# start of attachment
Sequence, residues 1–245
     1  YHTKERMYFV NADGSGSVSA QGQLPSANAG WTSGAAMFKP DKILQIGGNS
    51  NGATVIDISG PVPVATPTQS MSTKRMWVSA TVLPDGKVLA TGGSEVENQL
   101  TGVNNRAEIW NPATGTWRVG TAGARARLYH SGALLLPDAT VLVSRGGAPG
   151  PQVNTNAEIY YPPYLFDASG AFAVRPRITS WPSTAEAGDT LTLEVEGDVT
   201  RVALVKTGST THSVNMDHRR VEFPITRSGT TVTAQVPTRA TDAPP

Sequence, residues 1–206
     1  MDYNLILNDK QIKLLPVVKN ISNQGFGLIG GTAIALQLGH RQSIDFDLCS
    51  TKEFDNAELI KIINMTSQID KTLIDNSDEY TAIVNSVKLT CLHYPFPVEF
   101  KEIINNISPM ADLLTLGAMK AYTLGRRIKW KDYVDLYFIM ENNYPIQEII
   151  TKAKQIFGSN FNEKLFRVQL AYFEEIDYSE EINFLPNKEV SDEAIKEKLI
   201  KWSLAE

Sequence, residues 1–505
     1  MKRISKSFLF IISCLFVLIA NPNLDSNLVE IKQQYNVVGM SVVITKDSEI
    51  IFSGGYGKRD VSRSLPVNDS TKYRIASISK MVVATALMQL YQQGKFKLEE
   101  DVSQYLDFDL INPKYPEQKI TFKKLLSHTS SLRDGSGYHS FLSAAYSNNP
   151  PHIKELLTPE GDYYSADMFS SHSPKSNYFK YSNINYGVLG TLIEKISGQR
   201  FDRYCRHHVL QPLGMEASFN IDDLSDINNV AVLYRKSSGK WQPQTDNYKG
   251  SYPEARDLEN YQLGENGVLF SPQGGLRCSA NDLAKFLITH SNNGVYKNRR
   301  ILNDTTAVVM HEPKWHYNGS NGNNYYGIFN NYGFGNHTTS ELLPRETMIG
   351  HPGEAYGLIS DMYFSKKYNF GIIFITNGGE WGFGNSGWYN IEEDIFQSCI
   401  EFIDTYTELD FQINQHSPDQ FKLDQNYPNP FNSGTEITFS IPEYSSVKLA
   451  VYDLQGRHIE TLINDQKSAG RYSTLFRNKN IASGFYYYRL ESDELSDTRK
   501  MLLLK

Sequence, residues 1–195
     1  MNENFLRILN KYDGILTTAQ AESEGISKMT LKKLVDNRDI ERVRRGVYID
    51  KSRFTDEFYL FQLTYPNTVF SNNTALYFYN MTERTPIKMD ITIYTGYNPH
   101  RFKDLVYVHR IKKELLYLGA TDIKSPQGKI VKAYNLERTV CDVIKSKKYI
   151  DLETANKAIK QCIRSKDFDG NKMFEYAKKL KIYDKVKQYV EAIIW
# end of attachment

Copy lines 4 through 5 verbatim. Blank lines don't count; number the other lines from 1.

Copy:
   101  TGVNNRAEIW NPATGTWRVG TAGARARLYH SGALLLPDAT VLVSRGGAPG
   151  PQVNTNAEIY YPPYLFDASG AFAVRPRITS WPSTAEAGDT LTLEVEGDVT